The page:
This attorney indicated that it took her more than a year, and more than $500,000 worth of her time (which she couldn't be billing to clients) to get the mess straightened out. And she has to carry with her at all times a copy of a statement from the judge in the case saying that even though the name is the same, she is NOT the woman who committed these crimes, because her name shows up as an "alias" for the woman who did.
Why is this necessary? Imagine this scenario: She's driving home late at night after a social engagement. A police cruiser behind her notices something -- a tail light out, perhaps, and decides to pull her over to give her a warning. Now, imagine how his attitude changes when he runs her license plate in his onboard computer prior to pulling her over, and it returns her name, flashing "convicted felon, may be armed" because the woman who stole her identity had been convicted of using a firearm in the commission of a crime.
Suddenly, her evening becomes a lot less pleasant! The officer calls for backup, and she ends up surrounded by police cruisers with lights flashing, and faces officers with guns drawn when she gets out of her car. Without that piece of paper signed by the Superior Court judge, how much success do you think she'd have at the curb convincing the officers, "But really, Officer, that wasn't me. That was someone else with the same name." At least she doesn't have to spend the night in the lockup before they straighten it out.
So, now that you understand that it COULD happen to you, do everything you can to protect your SSN as well as your other personal information, especially your physical address (to help protect your loved ones when you aren't home).
Another benefit of the active duty alert
When you place an active duty alert, your name will be removed from the nationwide consumer reporting companies’ marketing lists for prescreened offers of credit and insurance for two years — unless you ask that your name be placed on the lists before then. Prescreened offers — sometimes called “preapproved” credit offers — are based on information in your credit report that indicates you meet certain criteria set by the offeror. So the active duty alert acts like a "do not call" list for junk mail trying to sell you all sorts of things.
How to place an Active Duty Alert?
To place an “active duty” alert, or to have it removed, call the toll-free fraud number of one of the three nationwide consumer reporting companies: Equifax, Experian, or Trans Union. The company will require you to provide appropriate proof of your identity, which may include your Social Security number, your name, address, and other personal information.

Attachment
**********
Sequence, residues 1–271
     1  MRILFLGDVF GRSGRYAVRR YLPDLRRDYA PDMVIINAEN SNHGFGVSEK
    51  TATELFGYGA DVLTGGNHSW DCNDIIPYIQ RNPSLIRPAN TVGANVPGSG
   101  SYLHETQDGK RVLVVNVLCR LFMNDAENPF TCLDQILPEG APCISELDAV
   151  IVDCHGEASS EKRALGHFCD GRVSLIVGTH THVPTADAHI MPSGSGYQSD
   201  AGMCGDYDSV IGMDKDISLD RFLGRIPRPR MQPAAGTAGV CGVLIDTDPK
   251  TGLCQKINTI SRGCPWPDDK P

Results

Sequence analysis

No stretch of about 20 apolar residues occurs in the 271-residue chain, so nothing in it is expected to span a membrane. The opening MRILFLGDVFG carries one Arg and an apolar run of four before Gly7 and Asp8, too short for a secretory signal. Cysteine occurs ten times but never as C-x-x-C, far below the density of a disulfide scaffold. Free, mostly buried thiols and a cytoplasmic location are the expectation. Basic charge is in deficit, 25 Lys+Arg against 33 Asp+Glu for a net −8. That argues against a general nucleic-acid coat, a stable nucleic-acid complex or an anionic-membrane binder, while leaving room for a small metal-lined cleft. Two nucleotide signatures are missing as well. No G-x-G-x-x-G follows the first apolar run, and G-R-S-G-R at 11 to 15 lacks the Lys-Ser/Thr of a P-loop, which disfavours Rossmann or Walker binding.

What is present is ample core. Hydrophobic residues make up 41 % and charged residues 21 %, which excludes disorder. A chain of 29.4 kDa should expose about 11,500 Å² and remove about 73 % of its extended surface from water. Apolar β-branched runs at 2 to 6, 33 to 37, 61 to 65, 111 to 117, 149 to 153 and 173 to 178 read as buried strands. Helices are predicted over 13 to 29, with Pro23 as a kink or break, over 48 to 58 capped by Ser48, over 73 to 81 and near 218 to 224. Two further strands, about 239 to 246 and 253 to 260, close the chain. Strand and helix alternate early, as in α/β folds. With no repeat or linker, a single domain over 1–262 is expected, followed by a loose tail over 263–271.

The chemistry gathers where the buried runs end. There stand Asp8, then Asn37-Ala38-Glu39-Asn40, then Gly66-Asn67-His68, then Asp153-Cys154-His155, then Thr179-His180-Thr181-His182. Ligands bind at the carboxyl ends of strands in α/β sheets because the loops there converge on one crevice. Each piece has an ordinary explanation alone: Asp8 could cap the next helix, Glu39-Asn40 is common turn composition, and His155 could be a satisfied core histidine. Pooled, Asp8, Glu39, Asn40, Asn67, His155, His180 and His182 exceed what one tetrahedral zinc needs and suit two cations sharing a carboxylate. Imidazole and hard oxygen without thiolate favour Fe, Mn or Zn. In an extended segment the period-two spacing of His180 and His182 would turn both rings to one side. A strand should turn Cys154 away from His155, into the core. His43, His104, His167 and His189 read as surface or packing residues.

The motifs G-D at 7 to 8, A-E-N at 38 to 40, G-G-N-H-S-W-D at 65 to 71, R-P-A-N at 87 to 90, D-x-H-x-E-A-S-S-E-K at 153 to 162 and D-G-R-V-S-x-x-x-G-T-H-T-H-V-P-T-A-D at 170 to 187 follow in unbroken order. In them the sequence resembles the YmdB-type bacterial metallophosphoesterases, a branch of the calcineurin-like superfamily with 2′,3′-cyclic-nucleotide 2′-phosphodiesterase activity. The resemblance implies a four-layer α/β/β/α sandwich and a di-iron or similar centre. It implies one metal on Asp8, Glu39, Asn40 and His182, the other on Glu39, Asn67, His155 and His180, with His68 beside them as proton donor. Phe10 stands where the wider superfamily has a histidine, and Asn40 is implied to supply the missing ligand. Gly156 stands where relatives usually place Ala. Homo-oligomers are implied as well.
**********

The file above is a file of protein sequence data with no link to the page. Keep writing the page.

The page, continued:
To learn more about identity theft and your credit rights under the FCRA and the Fair and Accurate Credit Transactions Act, visit ftc.gov/credit. The FTC works for the consumer to prevent fraudulent, deceptive, and unfair business practices in the marketplace and to provide information to help consumers spot, stop, and avoid them.
To file a complaint or to get free information on consumer issues, visit ftc.gov or call toll-free, 1-877-FTC-HELP (1-877-382-4357); TTY: 1-866-653-4261. The FTC enters Internet, telemarketing, identity theft, and other fraud-related complaints into Consumer Sentinel, a secure, online database
available to hundreds of civil and criminal law enforcement agencies in the U.S. and abroad.
Request your free annual credit report
Be sure to request a your free annual credit report from each of the three credit reporting agencies once a year. Why is this important? To help you be aware of inaccuracies or fraudulent entries in your report. Inaccurate or fraudulent information in your credit report could affect your ability to get credit, insurance, or housing, now or in the future.
And it could mean the interest rate you pay on your legitimate debts is two to five percent (or more) higher. That can add up to thousands of dollars, especially on a mortgage. For more information on how to get your free annual credit report, follow the link.